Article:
There is inflammation of the optic nerve. It can cause vision loss when you move your eyes. Symptoms will usually get better when the inflammation goes away.
The optic nerve carries visual information from your eye to your brain. ON is when your optic nerve becomes inflamed.
The inflammation can cause vision loss in one or both eyes. This is usually a temporary loss of vision. You may feel pain when you move your eyes.
An illness or nerve condition can cause ON to flare up. Early diagnosis and treatment can improve your outcome. Your vision will return as you recover from the inflammation.
It is important to get your vision checked out whenever you notice a change.
Emergency treatment can be needed for eye problems. Reasons to seek emergency care.
- There is severe eye pain.
- There is a sudden loss of vision.
- sudden changes to your vision, such as blurry vision
If your vision changes are accompanied by symptoms of stroke, such as facial drooping, difficulty speaking, or severe headache, get emergency help right away. Call your local emergency services or have someone help you get to the nearest emergency room.
There are many possible causes of ON. Idiopathic cases are those that have no known cause.
Multiple sclerosis and other nerve conditions
Other nerve conditions can cause ON.
- myelin oligodendrocyte glycoprotein antibody disease, a condition that causes nervous system inflammation
- Schilder’s disease, a long-term (chronic) demyelinating condition that begins in childhood
- neuromyelitis optica (NMO) spectrum disorder, a rare condition that can cause inflammation of the optic nerve
ON can also be caused by autoimmune conditions, such as:
- sarcoidosis, a condition that causes inflammation in various organs and tissues
- Sjögren’s syndrome, a disorder that typically affects tear and saliva glands
- systemic lupus erythematosus, a long-term condition that can affect different organ systems
- glial fibrillary acidicglobulin G disease is a rare condition.
Infections and other causes
Infections that can cause ON include:
- There are shingles.
- There is a disease called syphilis.
- cat scratch fever (Bartonella)
- There is a disease called lyme disease.
- It is a sexually transmitted disease.
- The person is HIV
- The West Nile virus can be fatal.
- encephalitis is a disease.
- There is a disease called meningitis.
Other possible causes include:
- Certain drugs.
- Exposure to toxic substances.
- alcohol or tobacco use
- There are certain nutrition deficiencies.
The symptoms of ON can be different depending on what is causing it.
- Vision loss in one eye can be mild to severe.
- Eye movements can make periocular pain worse.
- “It’s the inability to see colors correctly.”
Other possible symptoms can include:
- The way the eye looks at light changes.
- photopsia, seeing flashing lights or floaters in one or both eyes
- Uhthoff’s phenomenon, or Uhthoff’s sign, which is when vision worsens with an increase in body temperature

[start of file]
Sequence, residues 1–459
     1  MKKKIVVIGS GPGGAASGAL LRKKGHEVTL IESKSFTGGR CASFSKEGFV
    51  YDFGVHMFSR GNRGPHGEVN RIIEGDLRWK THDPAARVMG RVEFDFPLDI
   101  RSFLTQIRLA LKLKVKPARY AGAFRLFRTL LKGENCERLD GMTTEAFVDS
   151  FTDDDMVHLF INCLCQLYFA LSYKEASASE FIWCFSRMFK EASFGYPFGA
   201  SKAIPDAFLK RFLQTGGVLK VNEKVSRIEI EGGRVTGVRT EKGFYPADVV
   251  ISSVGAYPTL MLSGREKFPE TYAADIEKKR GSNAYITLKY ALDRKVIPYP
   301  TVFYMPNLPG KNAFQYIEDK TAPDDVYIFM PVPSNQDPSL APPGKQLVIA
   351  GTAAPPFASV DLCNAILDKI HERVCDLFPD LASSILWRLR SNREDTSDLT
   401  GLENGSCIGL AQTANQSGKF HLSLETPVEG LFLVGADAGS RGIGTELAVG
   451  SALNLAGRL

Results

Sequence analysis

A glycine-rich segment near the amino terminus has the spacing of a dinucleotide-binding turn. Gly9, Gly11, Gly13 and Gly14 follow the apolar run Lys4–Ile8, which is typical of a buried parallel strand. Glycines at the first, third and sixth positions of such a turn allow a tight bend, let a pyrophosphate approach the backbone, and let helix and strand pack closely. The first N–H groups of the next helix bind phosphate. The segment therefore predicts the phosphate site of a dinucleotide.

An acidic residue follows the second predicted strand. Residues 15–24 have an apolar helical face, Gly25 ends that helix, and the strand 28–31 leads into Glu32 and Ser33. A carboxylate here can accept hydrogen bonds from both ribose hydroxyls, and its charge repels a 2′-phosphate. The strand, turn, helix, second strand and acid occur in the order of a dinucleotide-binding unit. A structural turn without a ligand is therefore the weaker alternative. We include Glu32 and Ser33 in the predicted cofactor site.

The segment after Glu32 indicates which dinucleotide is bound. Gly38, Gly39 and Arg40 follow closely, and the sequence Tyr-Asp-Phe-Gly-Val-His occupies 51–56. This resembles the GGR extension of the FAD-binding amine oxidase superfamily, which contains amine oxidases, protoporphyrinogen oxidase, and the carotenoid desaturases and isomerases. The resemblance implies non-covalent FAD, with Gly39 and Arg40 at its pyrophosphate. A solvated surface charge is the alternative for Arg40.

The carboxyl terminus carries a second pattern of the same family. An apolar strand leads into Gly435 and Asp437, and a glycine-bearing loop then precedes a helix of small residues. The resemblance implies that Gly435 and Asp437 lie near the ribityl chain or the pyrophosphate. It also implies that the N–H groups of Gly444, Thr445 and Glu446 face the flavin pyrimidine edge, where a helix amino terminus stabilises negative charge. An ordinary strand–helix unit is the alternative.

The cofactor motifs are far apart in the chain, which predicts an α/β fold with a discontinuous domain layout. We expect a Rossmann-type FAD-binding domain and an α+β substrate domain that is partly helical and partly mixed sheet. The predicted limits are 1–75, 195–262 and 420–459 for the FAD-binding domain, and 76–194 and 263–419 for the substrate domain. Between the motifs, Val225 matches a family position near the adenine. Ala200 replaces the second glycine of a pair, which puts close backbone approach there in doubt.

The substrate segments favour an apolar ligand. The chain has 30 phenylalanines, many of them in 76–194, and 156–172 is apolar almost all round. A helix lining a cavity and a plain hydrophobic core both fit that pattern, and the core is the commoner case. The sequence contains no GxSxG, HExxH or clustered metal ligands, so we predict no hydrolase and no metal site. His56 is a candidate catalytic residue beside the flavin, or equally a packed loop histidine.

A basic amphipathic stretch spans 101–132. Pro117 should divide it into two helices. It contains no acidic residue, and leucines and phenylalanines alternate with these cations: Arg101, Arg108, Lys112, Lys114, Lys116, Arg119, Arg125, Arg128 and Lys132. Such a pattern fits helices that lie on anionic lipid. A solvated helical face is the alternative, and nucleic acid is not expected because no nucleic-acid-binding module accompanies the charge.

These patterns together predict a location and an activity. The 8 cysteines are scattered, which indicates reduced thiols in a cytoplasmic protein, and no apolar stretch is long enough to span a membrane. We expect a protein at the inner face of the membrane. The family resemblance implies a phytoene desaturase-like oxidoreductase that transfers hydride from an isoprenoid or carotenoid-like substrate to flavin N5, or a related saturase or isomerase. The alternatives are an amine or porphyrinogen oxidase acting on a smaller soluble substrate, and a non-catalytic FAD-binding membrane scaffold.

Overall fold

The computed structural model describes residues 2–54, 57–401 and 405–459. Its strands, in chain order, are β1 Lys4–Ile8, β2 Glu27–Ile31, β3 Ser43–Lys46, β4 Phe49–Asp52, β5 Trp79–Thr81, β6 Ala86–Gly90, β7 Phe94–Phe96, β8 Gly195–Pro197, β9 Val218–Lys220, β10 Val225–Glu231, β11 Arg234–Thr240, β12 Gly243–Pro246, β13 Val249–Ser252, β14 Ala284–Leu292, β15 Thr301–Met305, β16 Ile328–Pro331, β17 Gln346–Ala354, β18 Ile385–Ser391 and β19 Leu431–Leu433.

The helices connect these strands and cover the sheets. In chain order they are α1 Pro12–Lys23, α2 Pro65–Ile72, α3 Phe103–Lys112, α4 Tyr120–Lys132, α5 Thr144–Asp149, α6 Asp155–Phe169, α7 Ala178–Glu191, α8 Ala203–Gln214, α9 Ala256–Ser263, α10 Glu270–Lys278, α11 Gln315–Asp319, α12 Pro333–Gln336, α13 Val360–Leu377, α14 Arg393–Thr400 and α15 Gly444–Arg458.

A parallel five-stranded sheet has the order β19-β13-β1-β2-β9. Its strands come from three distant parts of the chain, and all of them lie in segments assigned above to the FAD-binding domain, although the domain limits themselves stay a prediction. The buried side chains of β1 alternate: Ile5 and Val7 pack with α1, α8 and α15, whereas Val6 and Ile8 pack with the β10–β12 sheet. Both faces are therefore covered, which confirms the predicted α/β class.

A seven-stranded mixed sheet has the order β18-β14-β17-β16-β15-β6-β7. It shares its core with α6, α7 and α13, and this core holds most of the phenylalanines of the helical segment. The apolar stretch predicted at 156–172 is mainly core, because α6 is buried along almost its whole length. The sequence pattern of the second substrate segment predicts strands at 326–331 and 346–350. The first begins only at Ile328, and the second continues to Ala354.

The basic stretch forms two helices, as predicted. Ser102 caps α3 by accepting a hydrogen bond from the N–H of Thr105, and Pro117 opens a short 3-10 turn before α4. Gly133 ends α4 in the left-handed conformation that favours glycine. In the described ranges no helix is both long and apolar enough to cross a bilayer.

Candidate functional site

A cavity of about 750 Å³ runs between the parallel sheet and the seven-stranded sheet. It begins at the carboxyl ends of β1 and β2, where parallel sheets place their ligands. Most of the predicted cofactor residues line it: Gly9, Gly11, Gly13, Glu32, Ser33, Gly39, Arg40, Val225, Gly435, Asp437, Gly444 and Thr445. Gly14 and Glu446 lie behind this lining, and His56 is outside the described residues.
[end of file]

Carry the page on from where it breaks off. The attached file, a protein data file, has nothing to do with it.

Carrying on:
When ON only affects one eye, it is called unilateral ON. Unilateral ON is more common. It is possible for ON to affect both eyes. This is called bilateral ON.
Conditions other than ON can cause symptoms. These include:
- “Ischemia is when your brain doesn’t get enough blood.”
- Leber hereditary optic neuropathy is a type of vision loss that is passed down in families.
A doctor can help determine if you have ON or another condition by assessing your symptoms and using tests.
Factors that increase the chance of developing ON
- Being older than 40 years old.
- Being assigned female at birth.
- Someone has a diagnosis of Multiplesclerosis.
People who live in the northern United States and western Europe may be at higher risk of developing the disease.
The doctor will usually begin by asking about your symptoms and medical history. They will perform a physical exam. The doctor may perform additional tests to determine the cause of your ON.
Tests for ON can include blood tests or a cerebrospinal fluid analysis.
The doctor may request tests such as:
- A scanning called an optical coherence tomography scans the nerves in your eye.
- an MRI scan, which uses a magnetic field and radio waves to create a detailed image of your brain or other parts of your body
- a CT scan, which creates a cross-sectional X-ray image
In most cases, you can use a steroid to reduce inflammation.
Steroid medication may be taken orally, injected, or administered intravenously. These medications typically come with some side effects, so be sure to talk with your doctor or pharmacist to learn what to expect.
If your ON is the result of another condition, you should treat it. If a doctor thinks a bacterial infection is causing ON, they may prescribe antibiotics.
Treatments can include what is causing your ON.
- Adrenocorticotropic hormone is a hormone.
- Ig is a form of immunoglobulin.
- The exchange of blood.
- The injections of interferon.
In many cases, the symptoms of ON are temporary, even if you experience vision loss. Most people will not have permanent vision loss after the ON episode is over. It can take weeks to months for your vision to recover.
Sometimes ON can lead to problems. It is less common but can cause long-term vision loss.
The eye is part of your body. You should always see a doctor for vision changes. Vision loss can be treated before it becomes irreversible.